New Gourna; conserving our heritage and empowering the people that inspired it

Daily News Egypt
8 Min Read

CAIRO: It is widely held that around 80 percent of buildings in Cairo have not involved an architect. Judging from the organic way it looks, I think that figure is not in doubt. We the architects are therefore a rare and endangered species, threatened by what we like to call client ignorance, and fight bitterly over the other 20 percent commissioned by public or private enterprise and the wealthy few that can afford a second home.

There was however an architect that recognized the 80 percent group, all of 70 years ago. In Hassan Fathy’s aristocratic mind he decided to end the squalor of Egypt’s rural villages, all 1000 of them, through an ambitious plan. It involved recruiting 300 volunteer architects that would live for three years in one village each and then move on to another. Over the course of about 10 years all the villages would have been rebuilt in a more hygienic, safe and secure Egyptian style using nothing but free cooperative labor and plentiful mud as bricks.

He managed to build one. Barely.

Hassan Fathy wrote a highly detailed account of his trials and tribulations in Gourna, “A Tale of Two Villages,” later published by the Chicago Press under the somewhat patronizing title of “Architecture for the Poor,” which it is known by today. He elaborated on the complexities of fighting the expensive system of contracting which was already gaining a strong foothold in Egypt at the time, and described this particular village’s diabolic inception as a relocation project rather than a rebuilding one, and so, how it was fraught with the villagers’ resistance.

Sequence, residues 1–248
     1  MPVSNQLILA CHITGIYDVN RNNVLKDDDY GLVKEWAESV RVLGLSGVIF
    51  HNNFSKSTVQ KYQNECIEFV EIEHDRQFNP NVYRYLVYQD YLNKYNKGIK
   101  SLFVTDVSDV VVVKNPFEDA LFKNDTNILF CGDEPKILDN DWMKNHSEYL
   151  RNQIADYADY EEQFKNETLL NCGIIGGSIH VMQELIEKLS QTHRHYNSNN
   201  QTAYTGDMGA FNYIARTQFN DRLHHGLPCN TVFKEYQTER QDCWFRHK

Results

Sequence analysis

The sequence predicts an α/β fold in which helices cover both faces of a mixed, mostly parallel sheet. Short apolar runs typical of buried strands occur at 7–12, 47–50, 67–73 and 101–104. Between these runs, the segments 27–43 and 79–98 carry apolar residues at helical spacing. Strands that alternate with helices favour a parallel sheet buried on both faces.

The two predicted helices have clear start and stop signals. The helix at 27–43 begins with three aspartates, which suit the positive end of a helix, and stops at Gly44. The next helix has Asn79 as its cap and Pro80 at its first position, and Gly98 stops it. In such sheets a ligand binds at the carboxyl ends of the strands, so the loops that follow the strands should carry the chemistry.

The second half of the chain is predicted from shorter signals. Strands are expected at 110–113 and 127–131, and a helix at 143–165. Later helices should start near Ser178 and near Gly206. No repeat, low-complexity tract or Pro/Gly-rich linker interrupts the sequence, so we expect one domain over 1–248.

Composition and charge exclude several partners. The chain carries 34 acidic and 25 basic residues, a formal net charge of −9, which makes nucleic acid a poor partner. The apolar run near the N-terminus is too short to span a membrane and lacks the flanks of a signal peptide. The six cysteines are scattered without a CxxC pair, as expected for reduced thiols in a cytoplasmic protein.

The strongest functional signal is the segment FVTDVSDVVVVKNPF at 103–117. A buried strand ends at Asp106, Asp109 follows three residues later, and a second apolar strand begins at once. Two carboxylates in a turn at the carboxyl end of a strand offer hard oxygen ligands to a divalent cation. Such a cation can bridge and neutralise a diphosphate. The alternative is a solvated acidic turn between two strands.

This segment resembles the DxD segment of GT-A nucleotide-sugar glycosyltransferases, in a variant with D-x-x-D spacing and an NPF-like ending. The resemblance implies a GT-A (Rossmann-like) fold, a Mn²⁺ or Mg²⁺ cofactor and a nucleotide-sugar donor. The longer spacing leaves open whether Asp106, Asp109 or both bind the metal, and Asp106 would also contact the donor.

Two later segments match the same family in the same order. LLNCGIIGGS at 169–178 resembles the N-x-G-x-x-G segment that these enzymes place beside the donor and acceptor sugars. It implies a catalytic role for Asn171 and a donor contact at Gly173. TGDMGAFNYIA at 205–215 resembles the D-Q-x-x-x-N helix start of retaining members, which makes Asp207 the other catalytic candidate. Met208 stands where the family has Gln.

Despite the title, “Architecture for the Poor” should be made compulsory reading at all architecture schools looking to graduate responsible architects. And, well, despite the promise, New Gourna was built without the cooperative labor Hassan Fathy dreamed of, instead, the exposure of the doming and vaulting techniques of Ancient Egypt robbed the social concept’s limelight and spawned a torrent of imitations for decades after.

Today about half the original 60 or so houses still stand, while some public buildings such as the mosque, theater and khan are holding on to dear life by the skin of their teeth. The souk, a large market square with kiosks, has only recently been partly demolished, while the local council chose to build their headquarters over the open air theatre. The original schools have long since disappeared.

This sorry state has prompted a few architects and historians to call for the conservation of New Gourna. The efforts of Save the Heritage of Hassan Fathy , an Egypto-Swiss NGO, have seen the village added to the World Monument Fund’s watch list, a monitor on endangered architecture. While the UNESCO has indicted it into its World Heritage Earthen Architecture Program and only two weeks ago, pledged $1 million over the next three years to help conserve it — an unprecedented amount by that organization for a 20th century structure in Egypt.